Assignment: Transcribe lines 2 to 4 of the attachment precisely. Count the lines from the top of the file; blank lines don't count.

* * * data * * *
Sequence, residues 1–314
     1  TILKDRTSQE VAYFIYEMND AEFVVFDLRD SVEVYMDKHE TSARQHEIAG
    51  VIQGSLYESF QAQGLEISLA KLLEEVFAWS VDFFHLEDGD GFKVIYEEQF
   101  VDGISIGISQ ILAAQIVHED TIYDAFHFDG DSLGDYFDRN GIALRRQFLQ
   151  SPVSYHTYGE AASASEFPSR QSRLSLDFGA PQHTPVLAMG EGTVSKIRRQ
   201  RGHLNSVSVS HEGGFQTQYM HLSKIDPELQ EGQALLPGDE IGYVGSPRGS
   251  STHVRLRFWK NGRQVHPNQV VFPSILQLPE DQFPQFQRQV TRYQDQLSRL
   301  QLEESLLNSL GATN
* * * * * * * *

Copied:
     1  TILKDRTSQE VAYFIYEMND AEFVVFDLRD SVEVYMDKHE TSARQHEIAG
    51  VIQGSLYESF QAQGLEISLA KLLEEVFAWS VDFFHLEDGD GFKVIYEEQF
   101  VDGISIGISQ ILAAQIVHED TIYDAFHFDG DSLGDYFDRN GIALRRQFLQ